Sélifa BOUKARI MCGREEVY
Born and raised in Togo, West Africa, I now
live in the United States. I intend to fight
until my last breath against the harmful
practices of FGM, forced child marriages
and gender-based violence.
At age 8, I was not only raped by one of my uncles,
but subjected to both FGM. At 14, after years of
hardship, I fled to Niamey, Niger to avoid being forced
into marriage with an older cousin.
For years my life was colored by the traumas of my childhood. I was unhappy and angry. But it would be years before I realized that millions of children are still suffering through these same experiences. My culture continues to shroud the issues of FGM, rape, prostitution and human trafficking in a veil of silence.
In 2007, I lost my grandmother. Shortly before her death, she told me I should not run away all the time from situations, that I had a right to speak my mind. I tried to tell her what had happened to me, explain my actions, but she told me to put those things behind me, to forgive and move on. Her death opened my eyes that life is short. So if you have something in your mind to do, go and do it, especially, if it is for a good cause.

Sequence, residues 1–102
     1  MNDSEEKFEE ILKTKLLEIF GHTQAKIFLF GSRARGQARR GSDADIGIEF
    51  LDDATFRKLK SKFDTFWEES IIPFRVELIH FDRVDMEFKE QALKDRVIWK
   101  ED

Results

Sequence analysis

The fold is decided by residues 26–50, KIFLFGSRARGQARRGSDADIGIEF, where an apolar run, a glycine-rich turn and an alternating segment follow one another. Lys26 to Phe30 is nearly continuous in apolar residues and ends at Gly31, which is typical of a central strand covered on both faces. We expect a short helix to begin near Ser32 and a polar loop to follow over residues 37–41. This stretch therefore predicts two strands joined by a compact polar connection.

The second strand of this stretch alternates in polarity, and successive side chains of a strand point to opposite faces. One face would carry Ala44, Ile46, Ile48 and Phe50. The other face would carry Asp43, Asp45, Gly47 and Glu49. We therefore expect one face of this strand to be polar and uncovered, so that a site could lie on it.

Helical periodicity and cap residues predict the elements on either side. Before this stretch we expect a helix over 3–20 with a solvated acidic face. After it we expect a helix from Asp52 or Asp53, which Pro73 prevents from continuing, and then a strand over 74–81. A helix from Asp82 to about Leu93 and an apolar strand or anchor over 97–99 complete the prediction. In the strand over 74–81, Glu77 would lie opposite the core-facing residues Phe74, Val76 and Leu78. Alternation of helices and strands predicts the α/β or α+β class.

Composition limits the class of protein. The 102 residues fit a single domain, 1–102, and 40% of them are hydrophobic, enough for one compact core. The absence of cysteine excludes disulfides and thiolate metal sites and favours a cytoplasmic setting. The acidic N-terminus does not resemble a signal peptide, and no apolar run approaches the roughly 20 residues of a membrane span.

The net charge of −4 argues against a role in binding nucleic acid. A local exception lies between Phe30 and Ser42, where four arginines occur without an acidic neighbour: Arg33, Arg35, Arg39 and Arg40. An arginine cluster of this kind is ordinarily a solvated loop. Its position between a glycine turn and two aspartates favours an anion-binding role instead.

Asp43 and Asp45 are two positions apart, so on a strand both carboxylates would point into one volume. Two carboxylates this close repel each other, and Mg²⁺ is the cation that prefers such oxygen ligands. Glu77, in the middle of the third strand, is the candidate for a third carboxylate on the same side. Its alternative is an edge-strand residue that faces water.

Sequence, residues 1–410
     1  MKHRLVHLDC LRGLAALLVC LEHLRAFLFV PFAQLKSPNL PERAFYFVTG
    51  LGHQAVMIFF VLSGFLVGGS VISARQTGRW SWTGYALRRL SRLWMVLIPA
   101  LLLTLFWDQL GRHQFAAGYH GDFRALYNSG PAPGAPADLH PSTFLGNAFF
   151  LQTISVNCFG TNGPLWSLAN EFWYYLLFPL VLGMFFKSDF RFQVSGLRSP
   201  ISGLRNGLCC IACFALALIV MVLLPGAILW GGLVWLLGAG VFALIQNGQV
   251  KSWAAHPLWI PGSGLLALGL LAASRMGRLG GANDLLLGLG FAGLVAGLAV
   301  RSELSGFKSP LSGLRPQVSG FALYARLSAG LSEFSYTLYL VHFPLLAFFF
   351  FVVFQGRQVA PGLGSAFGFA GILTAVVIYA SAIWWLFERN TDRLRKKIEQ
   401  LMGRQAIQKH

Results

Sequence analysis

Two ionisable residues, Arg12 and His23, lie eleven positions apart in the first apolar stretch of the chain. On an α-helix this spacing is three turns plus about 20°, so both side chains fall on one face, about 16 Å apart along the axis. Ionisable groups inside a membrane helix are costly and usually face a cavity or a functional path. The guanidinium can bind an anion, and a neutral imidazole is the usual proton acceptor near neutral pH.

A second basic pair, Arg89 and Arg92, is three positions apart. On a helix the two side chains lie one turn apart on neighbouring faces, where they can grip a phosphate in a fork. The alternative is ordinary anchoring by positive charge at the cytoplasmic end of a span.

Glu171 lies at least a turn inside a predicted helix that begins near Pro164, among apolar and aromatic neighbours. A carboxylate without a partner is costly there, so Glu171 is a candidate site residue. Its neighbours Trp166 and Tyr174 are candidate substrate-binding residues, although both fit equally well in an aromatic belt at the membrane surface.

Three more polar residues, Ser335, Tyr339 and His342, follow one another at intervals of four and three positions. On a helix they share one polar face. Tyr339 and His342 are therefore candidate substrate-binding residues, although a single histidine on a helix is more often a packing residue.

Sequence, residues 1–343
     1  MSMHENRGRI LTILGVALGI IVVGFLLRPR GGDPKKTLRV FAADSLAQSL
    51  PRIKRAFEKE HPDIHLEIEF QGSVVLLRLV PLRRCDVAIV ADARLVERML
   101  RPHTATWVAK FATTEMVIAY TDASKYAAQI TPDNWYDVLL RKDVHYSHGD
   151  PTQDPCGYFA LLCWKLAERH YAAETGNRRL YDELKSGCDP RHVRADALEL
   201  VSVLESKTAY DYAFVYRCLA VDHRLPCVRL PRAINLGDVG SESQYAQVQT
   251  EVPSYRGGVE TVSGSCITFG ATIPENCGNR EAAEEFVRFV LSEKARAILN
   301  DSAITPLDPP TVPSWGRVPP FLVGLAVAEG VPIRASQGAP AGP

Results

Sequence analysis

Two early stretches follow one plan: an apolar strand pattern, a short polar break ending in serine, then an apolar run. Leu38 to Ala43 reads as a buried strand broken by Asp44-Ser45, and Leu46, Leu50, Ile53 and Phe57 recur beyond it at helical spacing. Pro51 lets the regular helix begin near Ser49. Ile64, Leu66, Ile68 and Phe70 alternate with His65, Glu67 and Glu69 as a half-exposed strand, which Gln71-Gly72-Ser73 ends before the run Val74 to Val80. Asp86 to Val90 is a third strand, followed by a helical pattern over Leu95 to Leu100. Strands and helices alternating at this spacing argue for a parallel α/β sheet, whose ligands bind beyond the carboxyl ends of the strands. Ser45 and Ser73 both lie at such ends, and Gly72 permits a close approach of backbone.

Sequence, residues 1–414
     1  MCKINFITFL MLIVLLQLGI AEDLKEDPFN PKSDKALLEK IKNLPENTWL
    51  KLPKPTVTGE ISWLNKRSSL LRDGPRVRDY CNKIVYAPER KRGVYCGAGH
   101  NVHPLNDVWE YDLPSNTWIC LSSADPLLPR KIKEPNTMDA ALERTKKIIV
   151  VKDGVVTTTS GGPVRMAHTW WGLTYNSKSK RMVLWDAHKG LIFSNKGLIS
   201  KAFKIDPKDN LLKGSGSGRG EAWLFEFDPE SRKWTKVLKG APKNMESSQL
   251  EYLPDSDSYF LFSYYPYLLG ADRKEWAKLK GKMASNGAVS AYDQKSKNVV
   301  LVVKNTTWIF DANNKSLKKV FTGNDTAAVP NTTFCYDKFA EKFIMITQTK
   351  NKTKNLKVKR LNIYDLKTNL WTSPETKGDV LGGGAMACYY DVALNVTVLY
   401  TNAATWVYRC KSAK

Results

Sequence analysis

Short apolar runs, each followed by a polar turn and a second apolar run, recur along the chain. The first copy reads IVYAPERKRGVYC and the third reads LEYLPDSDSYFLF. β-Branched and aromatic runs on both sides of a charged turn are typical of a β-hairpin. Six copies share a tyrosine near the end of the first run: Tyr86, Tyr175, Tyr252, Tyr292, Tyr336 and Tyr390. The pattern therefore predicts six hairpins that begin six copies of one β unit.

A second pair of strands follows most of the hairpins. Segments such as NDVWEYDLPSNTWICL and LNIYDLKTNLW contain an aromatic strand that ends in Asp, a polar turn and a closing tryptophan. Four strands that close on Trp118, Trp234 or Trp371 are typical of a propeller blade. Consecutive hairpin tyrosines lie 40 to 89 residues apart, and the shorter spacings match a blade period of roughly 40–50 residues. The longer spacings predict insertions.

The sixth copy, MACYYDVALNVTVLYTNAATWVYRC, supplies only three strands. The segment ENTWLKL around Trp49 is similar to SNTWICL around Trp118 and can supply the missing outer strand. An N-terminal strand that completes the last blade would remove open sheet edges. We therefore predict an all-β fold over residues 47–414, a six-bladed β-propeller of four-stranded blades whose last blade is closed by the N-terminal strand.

In 2008, as we prepared for the one-year anniversary of her death, I had a dream. I dreamt I was dead and that my parents and relatives were preparing to bury me. Suddenly, my grandmother appeared not as an old woman but young and beautiful. She was furious, yelling at everyone “This is my granddaughter whom I know very well. Bring her back right now, it is not her time yet. She has a lot to offer and she is not even half way there.”
Waking up drenched in sweat, I thought about her words. But what did I have to offer? I had lived with fear and shame all my life…but maybe there was one thing I could offer…my story. Maybe if I shared my story, I could make a difference in the lives of other African women and girls.
So the “SAVE LIVES PROJECT” was born. I thank my husband and sponsors who believed and supported me. If it was not for them, I wouldn’t have found the courage to speak out. It is said that if you save someone’s life you must do so with your heart and soul. They saved me – now I’m reaching out to save others.
Finally, in 2013, we were able to shoot the film AFRICAN HEART, which is based on the events of my life. During the filming, I was frequently asked if the subject matter would cause me shame. I replied “No” because if I stayed silent then when or how will we begin a dialogue and create solutions to these problems. After completion of the film, we screened the film in many villages, encouraging a discussion about the consequences of harmful and outmoded traditions.
My goal is to make parents aware of what a gift their children are, and of their duty and responsibility in keeping them safe, protecting their futures. I believe in human rights. So, I'm seeking your support to fight these social injustices and make a difference.